Some of the stories we heard from domestic workers are harrowing. A few talked to us about physical abuse, being prevented from leaving the house or from talking to others. One talked to us about having to sleep in a bed with the family dog. Many of these workers have been found to be victims of modern slavery. But ‘low level’ exploitation of these workers is even more widespread. As with au pairs, they are seen by the families they live with as being constantly available, and so are asked to do long hours of work, often without additional pay. Most report being paid well below the NMW.

The exemption is not typically used in contracts or explained to these workers, but employers rely on it when there are claims of underpayment. HMRC are responsible for enforcing payment of the NMW, but have limited capacity to assess if someone is treated as a family member, especially in private homes. These already vulnerable workers therefore need to go to court to prove their entitlement to the minimum wage. The Anti-Trafficking and Labour Exploitation Unit (ATLEU) told us that the exemption is almost always raised by the employer as a defence, even when workers have already been recognised as victims of modern slavery. The exemption places a burden on workers in enforcing their rights.

In 2020, the London South Employment Tribunal heard the case of Puthenveettil, a domestic worker [7]. The case was unusual in that it argued that the exemption itself was discriminatory as it is more likely to apply to women. The Tribunal agreed that domestic workers were more likely to be female and therefore that the exemption is unlawful and could not be applied in this instance.

The evidence we have gathered supports this judgement. Au pairs are overwhelmingly women: adverts for au pairs typically specify they want a female au pair, and employment data shows that the vast majority of those employed in childminder or au pair roles are female. This is similarly true for migrant domestic workers, and victims of domestic servitude. Kalayaan, an organisation that works with domestic workers, told us that the exemption devalues domestic work, and labelling these workers as ‘family members’ relies on the idea that this work would otherwise be provided for free by women in the family [3].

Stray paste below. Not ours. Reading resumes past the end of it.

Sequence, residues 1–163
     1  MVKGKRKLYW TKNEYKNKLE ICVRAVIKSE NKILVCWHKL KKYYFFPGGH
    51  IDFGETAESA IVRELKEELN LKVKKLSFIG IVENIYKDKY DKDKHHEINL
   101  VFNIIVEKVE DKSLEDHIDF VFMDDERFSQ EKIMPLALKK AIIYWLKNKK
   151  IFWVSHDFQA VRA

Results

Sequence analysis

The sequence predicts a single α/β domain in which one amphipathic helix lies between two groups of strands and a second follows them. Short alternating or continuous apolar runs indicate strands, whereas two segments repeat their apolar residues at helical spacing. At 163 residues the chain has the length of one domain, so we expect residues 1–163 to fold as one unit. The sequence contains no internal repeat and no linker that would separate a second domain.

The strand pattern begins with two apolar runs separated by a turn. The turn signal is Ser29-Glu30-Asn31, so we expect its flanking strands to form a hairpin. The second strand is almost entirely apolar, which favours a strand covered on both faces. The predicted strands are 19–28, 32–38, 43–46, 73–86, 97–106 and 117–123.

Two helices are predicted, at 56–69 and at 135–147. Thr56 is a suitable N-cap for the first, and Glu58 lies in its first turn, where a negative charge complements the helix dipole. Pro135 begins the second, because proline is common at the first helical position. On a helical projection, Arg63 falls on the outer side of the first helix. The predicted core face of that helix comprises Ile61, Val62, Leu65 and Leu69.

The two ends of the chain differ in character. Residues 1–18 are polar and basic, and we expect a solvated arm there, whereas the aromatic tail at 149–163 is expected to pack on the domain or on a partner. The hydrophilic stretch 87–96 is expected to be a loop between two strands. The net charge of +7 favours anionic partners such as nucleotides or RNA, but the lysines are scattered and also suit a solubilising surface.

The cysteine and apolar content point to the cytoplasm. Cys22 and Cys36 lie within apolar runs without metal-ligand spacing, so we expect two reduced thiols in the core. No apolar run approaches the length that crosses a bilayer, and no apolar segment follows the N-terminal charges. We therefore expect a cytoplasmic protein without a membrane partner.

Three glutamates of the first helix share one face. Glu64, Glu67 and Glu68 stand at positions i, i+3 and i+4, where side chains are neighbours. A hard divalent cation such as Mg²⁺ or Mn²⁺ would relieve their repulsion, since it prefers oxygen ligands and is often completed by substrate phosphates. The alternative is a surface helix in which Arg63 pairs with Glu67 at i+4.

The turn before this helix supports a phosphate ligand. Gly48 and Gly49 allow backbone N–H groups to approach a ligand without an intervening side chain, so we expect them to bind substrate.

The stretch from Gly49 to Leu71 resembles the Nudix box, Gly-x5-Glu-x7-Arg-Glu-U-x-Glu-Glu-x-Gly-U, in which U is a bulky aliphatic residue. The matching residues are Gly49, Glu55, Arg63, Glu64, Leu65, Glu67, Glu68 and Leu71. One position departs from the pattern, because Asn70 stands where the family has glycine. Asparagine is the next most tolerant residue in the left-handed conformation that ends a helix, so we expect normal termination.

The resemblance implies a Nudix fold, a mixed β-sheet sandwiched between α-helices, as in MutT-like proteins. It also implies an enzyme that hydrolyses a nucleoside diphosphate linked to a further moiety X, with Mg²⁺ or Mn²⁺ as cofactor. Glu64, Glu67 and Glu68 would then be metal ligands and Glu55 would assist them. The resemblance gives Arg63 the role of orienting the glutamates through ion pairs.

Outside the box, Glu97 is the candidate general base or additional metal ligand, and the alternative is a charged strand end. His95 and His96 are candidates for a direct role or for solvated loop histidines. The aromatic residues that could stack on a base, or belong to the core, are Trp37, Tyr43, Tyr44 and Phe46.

Our recommendations

Overwhelmingly, the evidence that we heard on the exemption was negative. While it was originally introduced to make it possible for families to host au pairs affordably as part of a cultural exchange programme, it has at the same time provided a loophole for employers to exploit live-in workers and has acted as a barrier for these workers when they seek to protect their rights.

The evidence led us to recommend that the exemption should be removed.

However, if the Government intends to introduce a visa route for au pairs and does not wish to repeal the exemption, then it must be amended so that it does not provide a loophole for exploitation. It should clearly state what is meant by an au pair and the scope of their duties to ensure that it cannot be applied to domestic workers, to care workers, or to au pairs who are de facto working as cleaners and nannies without adequate pay or genuine cultural exchange.


[1] National Minimum Wage Regulations 2015, 57(3).

[2] M. Hodge MP, Hansard, 1999. Retrieved from

[3] Cox, R., and Busch, N., As an Equal?: Au Pairing in the 21st Century, Bloomsbury Publishing, 2018.

[4] Cox, R., Au Pairs’ Lives in Global Context, Sisters or Servants? Palgrave Macmillan, 2015.

[5] Ewins, J., Independent review of the overseas domestic workers visa Home Office and UK Visas and Immigration, 2015.

[6] Low Pay Commission Report 2014.

[7] Puthenveettil vs Alexander, George & Secretary of State for Business, Energy and Industrial Strategy, 2020.